Should Handheld Devices for Kids Under 12 Be Banned?

| March 12, 2014 | 3 Comments
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A Huffington Post article, 10 Reasons Why Handheld Devices Should Be Banned, from a couple of days ago has clearly hit a nerve. The link has spread far and wide, with hundreds of thousands of social media shares.

The author links to studies from the American Academy of Pediatrics, the Canadian Society of Pediatrics, Kaiser Foundation, Active Healthy Kids Canada, and Common Sense Media as the primary sources that back up her call to ban the use of all handheld devices for children under the age of 12 years. She cites sleep deprivation, obesity, delayed brain development, mental illness, aggression, addiction, and digital dementia as just a few of the detrimental consequences of allowing kids under 12 to use handheld devices.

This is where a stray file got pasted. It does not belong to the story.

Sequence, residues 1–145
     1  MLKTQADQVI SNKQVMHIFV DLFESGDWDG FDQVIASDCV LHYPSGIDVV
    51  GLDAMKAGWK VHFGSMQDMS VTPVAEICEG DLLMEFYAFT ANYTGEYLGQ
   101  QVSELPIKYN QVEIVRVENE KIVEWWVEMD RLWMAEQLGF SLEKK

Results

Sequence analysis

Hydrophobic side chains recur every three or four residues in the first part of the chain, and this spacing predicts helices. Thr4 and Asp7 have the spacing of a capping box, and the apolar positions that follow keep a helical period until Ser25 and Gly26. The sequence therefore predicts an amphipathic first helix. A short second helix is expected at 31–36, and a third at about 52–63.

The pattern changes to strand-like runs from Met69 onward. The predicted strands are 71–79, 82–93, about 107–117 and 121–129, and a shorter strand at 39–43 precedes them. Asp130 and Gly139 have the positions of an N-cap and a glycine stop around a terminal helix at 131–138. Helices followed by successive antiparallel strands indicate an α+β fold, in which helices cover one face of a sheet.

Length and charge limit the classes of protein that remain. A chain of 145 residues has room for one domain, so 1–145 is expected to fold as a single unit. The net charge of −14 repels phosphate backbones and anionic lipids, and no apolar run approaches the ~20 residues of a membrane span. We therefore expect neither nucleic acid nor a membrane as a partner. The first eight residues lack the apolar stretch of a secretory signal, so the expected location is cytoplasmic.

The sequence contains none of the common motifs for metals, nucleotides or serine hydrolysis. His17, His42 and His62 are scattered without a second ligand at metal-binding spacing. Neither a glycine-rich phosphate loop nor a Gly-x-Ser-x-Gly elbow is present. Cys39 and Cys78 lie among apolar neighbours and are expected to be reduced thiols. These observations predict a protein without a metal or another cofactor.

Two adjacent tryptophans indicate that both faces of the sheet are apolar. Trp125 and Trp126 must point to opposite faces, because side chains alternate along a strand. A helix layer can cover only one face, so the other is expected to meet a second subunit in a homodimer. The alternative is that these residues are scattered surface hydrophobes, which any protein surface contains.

(Since the post was published, many have written responses that refute both the factual assertions and the conclusions the author makes.)

The article comes at a pivotal moment when schools, teachers, and parents are figuring out how students can use mobile devices — specifically smartphones or tablets — for the purposes of learning: to create, collaborate, research, share information and opinion, and possibly as an equalizing force in the digital divide.

How does this call for a ban on handheld devices square with what parents and teachers believe about the value of devices towards the purposes of learning, whether in or out of school? Should mobile devices be kept from students below the sixth grade altogether? Is a child’s age a valid determining factor in answering these questions?

10 Reasons Why Handheld Devices Should Be Banned for Children Under the Age of 12Posted: Print Article The American Academy of Pediatrics and the Canadian Society of Pediatrics state infants aged 0-2 years should not have any exposure to technology, 3-5 years be restricted to one hour per day, and 6-18 years restricted to 2 hours per day (AAP 2001/13, CPS 2010).

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